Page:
If you called 911 from your cell phone, your location data isn’t exactly on-point for 911 operators. This is because the location is typically sent to call taker by a wireless carrier. It appears as though Google may have found a better way of handling such situations and has tested its system across a few states in December and January, according to a report from the Wall Street Journal.
In the states where Google tested its system, the company sent location data from a random selection of 911 callers using Android phones straight to the people taking those calls. The test conducted included nearly 51,000 call centers that cover around 2.4 million people in Texas, Tennessee and Florida. Early reports from the testing of Google’s system suggest that it’s very promising.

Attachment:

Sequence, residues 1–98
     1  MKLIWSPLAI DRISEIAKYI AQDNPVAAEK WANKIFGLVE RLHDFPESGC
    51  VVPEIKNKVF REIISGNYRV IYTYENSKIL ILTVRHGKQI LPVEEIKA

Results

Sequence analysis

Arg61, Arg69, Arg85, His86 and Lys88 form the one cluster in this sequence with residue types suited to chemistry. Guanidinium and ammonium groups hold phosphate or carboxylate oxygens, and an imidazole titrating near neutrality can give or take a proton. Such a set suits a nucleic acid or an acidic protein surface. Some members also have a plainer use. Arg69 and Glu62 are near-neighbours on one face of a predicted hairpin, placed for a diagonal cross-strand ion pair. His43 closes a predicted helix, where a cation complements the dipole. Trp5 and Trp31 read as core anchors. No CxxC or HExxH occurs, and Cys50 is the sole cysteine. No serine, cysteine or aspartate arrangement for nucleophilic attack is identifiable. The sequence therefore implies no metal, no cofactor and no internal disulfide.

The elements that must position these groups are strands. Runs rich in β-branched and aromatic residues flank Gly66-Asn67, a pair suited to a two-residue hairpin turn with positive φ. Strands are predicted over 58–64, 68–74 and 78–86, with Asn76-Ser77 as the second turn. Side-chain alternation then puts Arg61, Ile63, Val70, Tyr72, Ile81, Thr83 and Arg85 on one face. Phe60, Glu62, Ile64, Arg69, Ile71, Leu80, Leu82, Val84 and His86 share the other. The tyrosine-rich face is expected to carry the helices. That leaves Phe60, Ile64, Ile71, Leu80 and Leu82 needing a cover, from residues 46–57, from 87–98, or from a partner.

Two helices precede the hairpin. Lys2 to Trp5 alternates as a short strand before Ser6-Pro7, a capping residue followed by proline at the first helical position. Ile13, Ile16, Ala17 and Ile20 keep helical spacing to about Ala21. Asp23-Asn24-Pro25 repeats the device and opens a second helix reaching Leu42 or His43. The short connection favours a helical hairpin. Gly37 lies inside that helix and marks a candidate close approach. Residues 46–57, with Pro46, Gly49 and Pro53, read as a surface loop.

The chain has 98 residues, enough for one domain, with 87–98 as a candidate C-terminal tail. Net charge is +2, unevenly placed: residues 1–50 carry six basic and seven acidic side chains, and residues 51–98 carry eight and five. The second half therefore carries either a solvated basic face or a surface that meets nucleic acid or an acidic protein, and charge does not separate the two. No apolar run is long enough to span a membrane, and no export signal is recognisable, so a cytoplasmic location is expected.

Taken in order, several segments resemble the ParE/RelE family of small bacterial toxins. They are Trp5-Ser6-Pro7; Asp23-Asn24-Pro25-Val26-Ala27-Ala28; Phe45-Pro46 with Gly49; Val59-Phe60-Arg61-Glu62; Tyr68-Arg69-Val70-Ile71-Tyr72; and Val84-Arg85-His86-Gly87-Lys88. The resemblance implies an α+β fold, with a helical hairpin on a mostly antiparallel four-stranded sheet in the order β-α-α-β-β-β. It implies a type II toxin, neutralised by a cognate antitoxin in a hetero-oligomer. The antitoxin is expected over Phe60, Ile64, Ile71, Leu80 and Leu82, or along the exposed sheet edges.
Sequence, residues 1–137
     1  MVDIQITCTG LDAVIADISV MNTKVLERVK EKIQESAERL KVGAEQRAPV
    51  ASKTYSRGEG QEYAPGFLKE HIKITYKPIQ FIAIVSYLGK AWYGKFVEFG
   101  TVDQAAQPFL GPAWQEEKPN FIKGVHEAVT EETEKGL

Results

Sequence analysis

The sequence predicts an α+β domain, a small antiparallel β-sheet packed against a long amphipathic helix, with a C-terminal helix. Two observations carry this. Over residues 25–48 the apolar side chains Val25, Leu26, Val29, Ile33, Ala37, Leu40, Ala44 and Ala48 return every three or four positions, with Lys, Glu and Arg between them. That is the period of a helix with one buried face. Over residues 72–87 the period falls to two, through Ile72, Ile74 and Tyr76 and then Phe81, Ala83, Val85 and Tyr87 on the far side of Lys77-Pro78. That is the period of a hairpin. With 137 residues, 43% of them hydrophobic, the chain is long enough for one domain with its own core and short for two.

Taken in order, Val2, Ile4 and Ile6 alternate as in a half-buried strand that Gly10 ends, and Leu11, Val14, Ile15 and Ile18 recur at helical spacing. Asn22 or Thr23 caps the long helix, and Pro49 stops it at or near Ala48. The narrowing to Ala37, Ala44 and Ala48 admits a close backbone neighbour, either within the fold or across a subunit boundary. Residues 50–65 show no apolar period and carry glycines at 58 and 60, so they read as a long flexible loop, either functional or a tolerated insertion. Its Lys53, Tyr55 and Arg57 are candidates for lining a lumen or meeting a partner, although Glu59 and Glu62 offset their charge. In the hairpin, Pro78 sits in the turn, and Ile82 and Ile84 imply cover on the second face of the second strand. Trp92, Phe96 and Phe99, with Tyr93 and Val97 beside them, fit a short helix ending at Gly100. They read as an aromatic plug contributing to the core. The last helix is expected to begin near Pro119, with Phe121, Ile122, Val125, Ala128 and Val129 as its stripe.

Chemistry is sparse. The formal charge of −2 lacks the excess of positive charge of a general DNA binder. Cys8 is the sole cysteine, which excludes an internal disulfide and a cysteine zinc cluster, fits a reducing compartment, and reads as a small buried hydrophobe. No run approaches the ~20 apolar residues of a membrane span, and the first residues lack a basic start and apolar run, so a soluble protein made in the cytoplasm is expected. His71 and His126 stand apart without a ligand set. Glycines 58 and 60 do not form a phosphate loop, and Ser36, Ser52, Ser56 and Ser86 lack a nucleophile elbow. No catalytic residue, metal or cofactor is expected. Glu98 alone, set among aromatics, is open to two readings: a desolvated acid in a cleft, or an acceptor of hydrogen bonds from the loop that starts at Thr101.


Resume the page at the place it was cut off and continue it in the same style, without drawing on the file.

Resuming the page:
One company that was involved in the test told the Wall Street Journal that for over 80 percent of the 911 calls where Google’s System was used, the location data was much more accurate than what the wireless carriers provided to the operators. The same company, RapidSOS, said that while the carrier data location estimate were on average a radios of around 522 feet, Google’s data gave estimates with radii of around 121 feet, which is far better and more accurate. In addition to being more accurate, Google’s data arrived a lot more quickly than the data provided by carriers.